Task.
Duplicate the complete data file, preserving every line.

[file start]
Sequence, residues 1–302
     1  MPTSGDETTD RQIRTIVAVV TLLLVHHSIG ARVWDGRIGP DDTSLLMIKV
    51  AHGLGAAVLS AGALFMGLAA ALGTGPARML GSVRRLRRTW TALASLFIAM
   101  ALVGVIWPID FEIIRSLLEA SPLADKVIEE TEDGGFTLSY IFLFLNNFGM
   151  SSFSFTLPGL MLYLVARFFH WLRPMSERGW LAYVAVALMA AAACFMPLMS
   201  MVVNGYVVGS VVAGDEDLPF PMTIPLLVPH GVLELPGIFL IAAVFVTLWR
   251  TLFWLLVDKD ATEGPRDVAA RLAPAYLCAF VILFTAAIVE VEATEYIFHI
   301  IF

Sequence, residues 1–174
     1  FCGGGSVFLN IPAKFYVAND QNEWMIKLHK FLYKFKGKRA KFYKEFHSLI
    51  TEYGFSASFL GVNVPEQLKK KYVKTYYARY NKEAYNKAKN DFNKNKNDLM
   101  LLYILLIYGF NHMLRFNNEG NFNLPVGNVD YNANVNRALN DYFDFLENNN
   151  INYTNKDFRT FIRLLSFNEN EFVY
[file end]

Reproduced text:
Sequence, residues 1–302
     1  MPTSGDETTD RQIRTIVAVV TLLLVHHSIG ARVWDGRIGP DDTSLLMIKV
    51  AHGLGAAVLS AGALFMGLAA ALGTGPARML GSVRRLRRTW TALASLFIAM
   101  ALVGVIWPID FEIIRSLLEA SPLADKVIEE TEDGGFTLSY IFLFLNNFGM
   151  SSFSFTLPGL MLYLVARFFH WLRPMSERGW LAYVAVALMA AAACFMPLMS
   201  MVVNGYVVGS VVAGDEDLPF PMTIPLLVPH GVLELPGIFL IAAVFVTLWR
   251  TLFWLLVDKD ATEGPRDVAA RLAPAYLCAF VILFTAAIVE VEATEYIFHI
   301  IF

Sequence, residues 1–174
     1  FCGGGSVFLN IPAKFYVAND QNEWMIKLHK FLYKFKGKRA KFYKEFHSLI
    51  TEYGFSASFL GVNVPEQLKK KYVKTYYARY NKEAYNKAKN DFNKNKNDLM
   101  LLYILLIYGF NHMLRFNNEG NFNLPVGNVD YNANVNRALN DYFDFLENNN
   151  INYTNKDFRT FIRLLSFNEN EFVY